Locust Valley's Michael DiLorenzo celebrates his touchdown from a fumble...

Locust Valley's Michael DiLorenzo celebrates his touchdown from a fumble recovery during the Remembrance Bowl, a Nassau Conference IV football game, against Cold Spring Harbor in Locust Valley on Saturday. Credit: Peter Frutkoff

“The Game That Never Happened” happened Saturday in spirit for the first time in this country, a Remembrance Bowl to remember in a driving rainstorm that swept across Locust Valley’s turf.

The Falcons rallied to beat Cold Spring Harbor, 20-8, in their Homecoming game.

“It’s a very surreal moment,” Locust Valley coach Michael Gilbert said. “People have been coming and talking to us about this game since Aug. 21.”

“It was an honor and a privilege obviously to be a part of a game of this magnitude,” Seahawks coach Jon Mendreski said.

This Nassau IV game was about a French connection. And it was about playing in a honor of soldiers from the 101st Airborne Division.

So let’s start with a little history lesson:

In 1947, Operation Democracy began a goodwill outreach effort in the wake of World War II, matching up U.S. communities with sister cities overseas.

Locust Valley formed a connection with Sainte-Mere-Eglise in Normandy and aided in the rebuilding effort.

“The Game That Never Happened” was supposed to be played in Reims, France, on Christmas 1944. It was dubbed the Champagne Bowl between teams from the 101st Airborne, stationed in France’s Champagne region. But the Battle of the Bulge against Germany happened instead.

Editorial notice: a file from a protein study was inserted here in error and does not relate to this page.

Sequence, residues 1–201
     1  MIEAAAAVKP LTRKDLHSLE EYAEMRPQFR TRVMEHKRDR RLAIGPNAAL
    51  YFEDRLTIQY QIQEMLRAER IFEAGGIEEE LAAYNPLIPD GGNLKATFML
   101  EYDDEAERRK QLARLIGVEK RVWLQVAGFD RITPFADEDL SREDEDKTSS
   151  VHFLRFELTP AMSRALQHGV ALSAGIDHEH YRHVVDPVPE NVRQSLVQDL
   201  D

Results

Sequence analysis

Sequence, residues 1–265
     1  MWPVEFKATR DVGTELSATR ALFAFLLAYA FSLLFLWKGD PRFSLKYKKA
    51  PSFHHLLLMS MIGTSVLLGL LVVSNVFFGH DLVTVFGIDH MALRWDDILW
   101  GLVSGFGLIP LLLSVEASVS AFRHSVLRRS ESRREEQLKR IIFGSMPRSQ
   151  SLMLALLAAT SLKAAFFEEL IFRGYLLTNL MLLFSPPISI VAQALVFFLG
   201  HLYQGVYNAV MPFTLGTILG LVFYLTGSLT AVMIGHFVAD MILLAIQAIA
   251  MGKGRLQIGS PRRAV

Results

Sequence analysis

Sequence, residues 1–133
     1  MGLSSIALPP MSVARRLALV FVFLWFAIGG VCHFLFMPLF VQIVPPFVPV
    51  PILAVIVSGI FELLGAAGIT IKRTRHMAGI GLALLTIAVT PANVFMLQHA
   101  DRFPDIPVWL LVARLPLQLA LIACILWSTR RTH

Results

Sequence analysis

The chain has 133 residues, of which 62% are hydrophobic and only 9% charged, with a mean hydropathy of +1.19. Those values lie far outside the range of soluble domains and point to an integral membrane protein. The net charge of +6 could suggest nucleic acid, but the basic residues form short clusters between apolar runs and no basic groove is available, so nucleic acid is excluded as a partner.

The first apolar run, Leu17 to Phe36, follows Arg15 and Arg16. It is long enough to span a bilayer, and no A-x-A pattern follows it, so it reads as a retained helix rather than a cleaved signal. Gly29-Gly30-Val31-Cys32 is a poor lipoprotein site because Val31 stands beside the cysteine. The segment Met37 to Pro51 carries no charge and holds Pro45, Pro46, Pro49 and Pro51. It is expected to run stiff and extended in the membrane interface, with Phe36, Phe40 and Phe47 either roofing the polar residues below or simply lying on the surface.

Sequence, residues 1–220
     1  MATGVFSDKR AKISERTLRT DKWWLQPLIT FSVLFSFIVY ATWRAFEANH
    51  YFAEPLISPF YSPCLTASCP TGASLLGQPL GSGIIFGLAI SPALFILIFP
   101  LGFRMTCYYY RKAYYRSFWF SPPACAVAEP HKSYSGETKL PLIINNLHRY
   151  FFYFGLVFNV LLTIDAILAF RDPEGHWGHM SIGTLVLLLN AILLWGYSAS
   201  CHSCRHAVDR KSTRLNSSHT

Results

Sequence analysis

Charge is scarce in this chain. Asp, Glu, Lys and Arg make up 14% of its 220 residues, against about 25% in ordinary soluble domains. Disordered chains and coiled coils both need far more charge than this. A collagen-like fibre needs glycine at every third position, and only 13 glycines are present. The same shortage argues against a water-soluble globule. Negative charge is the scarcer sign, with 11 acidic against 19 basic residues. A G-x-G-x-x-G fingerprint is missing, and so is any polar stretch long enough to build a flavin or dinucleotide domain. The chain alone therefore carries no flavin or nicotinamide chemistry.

Skip ahead to 2017.

Helen Ayer Patton, a resident of Reims and the granddaughter of Gen. George Patton Jr., found an invitation to that Champagne Bowl and had the idea to get the game going again.

She formed Patton Legacy Sports with Michelle Strauss in 2018 to honor the athletic legacy of Gen. Patton, a 1912 Olympian. The game returned in a flag football form that year with the 101st Airborne and expanded last year to include the 82nd Airborne. It’s played in a Sainte-Mere-Eglise suburb.

“The minute I saw the invitation, I said, A., we’ve got to sadly change the name from Champagne Bowl to Remembrance Bowl so we can encompass youth because that’s what I’m all about, and B., it’s got to get to America,” said Ayer Patton, who performed Saturday’s coin toss.

Strauss and Operation Democracy’s honorary president, Cathy Soref, had the idea to have the first one in Locust Valley.

“We are so proud of this school district,” Strauss said.

Lessons about the World War II era were developed in the district and taught to K-12 students this past week.

There was a parade, plus a pregame ceremony in the gym. The teams wore special Remembrance Bowl jerseys.

“I think it’s just provided a newfound source of pride for our community,” athletic director Dr. Danielle Turner said.

Cold Spring Harbor (2-1) led, 8-7, in the third after Alex Bauer rushed for a 3-yard TD and Sam Bruno ran for two.

But Locust Valley (2-1) took the lead for good when Connor Geertgens threw to Michael Hancock for a 22-yard score with 8:26 left.

“Getting the honor to play in this game the first time stateside means a ton to me,” Geertgens said. “… We really fought through the weather and came out on top.”


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